At the end of April, my friend, Cynthia, called me in a panic. She was walking back to her house and found two tiny kittens in the ditch. They were both healthy, although the smaller orange fluff ball had crusty eyes. Cynthia called me to get advice on what to do with them. She did not think they had been dumped. She just thought that perhaps the mother cat had been moving them and dropped them, planning to return, but getting sidetracked. Cynthia was afraid to leave the kittens where they were because within a few hundred feet there were two large chained dogs that she feared would kill the babies. So she scooped them up and took them down the hill to her house.
Cynthia set the kittens up in their own little kitten “play land” and took care of them.
A few days later, Cynthia was talking to a neighbor who told her about a mother cat that had babies under a shed. The neighbor warned that her husband was going to shoot the cats. Cynthia asked her to please not do that and to let her know where the cat and babies were. She figured this was the mother to her two little ones. The woman had reported that there were two babies still with the mom, but she thought there had been more.
Cynthia asked me last week if she could borrow a trap to try to catch the mom and find the other two kittens. I lent her a trap and she planned to begin her trapping efforts later in the week.
When I talked to Cynthia on Monday, she reported that there had been no sign of the mother cat and kittens. The neighbor said the mother cat had moved the kittens again.
Cynthia also reported, however, that she had “another new face” show up on her back porch. She sent me photos of a very petite tortoiseshell kitty who she said was “very noisy.” Cynthia was worried that the little cat was in heat or already pregnant and asked if we could get her in for clinic this week. We agreed to meet up on Tuesday to do the cat exchange. Cynthia thought the cat had been recently dumped as she was very friendly and was familiar with cat flaps. She also kept continually trying to get in the house with Cynthia.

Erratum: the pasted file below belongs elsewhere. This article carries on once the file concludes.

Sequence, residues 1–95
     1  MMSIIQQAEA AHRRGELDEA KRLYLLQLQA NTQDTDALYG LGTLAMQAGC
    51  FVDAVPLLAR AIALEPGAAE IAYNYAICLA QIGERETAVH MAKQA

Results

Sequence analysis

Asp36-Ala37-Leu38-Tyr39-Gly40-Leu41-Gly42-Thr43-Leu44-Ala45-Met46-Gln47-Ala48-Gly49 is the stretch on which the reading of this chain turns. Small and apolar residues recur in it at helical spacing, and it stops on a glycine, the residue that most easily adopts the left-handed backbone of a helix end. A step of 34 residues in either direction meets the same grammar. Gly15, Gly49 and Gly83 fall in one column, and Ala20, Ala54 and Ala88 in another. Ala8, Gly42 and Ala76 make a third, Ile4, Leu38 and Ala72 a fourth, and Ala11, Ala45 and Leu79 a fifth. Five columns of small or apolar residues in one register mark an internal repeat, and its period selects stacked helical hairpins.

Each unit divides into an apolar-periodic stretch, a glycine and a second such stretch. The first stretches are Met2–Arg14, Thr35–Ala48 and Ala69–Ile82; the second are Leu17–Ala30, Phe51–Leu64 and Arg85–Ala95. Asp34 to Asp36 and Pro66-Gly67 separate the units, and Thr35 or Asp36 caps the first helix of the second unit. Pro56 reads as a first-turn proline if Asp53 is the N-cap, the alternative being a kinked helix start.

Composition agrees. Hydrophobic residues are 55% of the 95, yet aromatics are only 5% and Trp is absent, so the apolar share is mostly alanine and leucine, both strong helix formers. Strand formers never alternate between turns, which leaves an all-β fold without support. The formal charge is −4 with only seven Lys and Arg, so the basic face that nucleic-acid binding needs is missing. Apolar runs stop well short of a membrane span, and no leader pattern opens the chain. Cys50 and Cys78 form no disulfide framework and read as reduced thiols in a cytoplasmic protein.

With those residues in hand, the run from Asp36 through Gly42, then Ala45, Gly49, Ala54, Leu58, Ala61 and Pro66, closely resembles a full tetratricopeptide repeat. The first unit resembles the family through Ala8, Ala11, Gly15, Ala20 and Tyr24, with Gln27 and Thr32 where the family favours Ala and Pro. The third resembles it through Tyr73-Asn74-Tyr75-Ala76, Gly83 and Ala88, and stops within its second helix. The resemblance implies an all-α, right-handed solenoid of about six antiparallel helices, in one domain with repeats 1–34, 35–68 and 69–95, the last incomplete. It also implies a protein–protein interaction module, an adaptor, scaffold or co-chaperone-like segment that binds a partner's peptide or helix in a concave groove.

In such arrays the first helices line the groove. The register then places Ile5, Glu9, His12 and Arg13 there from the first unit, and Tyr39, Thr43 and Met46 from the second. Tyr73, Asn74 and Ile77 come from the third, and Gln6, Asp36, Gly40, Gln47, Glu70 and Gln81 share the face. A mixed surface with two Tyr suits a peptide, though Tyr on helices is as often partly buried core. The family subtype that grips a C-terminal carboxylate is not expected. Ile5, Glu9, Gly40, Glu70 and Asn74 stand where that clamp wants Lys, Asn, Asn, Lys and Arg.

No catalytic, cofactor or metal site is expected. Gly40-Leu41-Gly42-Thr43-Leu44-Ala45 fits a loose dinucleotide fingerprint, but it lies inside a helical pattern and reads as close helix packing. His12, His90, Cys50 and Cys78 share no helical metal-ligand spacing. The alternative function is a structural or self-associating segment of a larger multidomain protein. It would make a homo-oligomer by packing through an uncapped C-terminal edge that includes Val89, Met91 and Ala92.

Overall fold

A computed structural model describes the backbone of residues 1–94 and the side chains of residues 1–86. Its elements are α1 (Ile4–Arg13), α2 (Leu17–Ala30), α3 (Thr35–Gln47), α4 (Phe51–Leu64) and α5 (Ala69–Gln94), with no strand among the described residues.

This morning Cynthia wrote me and said she was “speechless” and there was a crimp in our plan to get the tortie girl in to be fixed.
Turns out, this little girl is the mom to Cynthia’s two kittens. That little cat had somehow hunted down her babies inside Cynthia’s house, ingratiated herself to Cynthia, and then darted inside to find her kittens.
Cynthia said the babies went wild when their mom finally found them in their room. Cynthia also said that she thinks she misjudged why mom was so anxious previously. It was not because she was in heat, but because she was searching for her kittens.
I still cannot believe that this little cat tracked down her two kittens this way. They were in a house and she had to fight her way past Cynthia’s outside cats, go through the cat flap into the back porch, and convince Cynthia to let her inside. And she did all of that to get to her babies. Amazing!
And how, in the world, did she know where they were?
I asked Cynthia if she thought the little mom would lead her to the other kittens. Cynthia said she thought something must have happened to the other babies, as the mother cat had no milk. The kittens tried to nurse, but it was more just a bonding ritual than an actual feeding. Because of the lack of milk, Cynthia thought the other kittens were no longer around and that was the reason the little mother had come looking for her other two babies.
In any case, this is one of the happiest stories I have heard in a while. Of course, we’ll keep you posted if Cynthia does find the other two kittens.
This little family will eventually need new homes, so if you are looking for fluffy, cuddley kittens or a smart mama, we have the cats for you.
I cannot help but notice that the mother cat looks as if she is smiling in these pictures. One satisfied and intelligent creature. Never underestimate the power of a cat…or of a mother.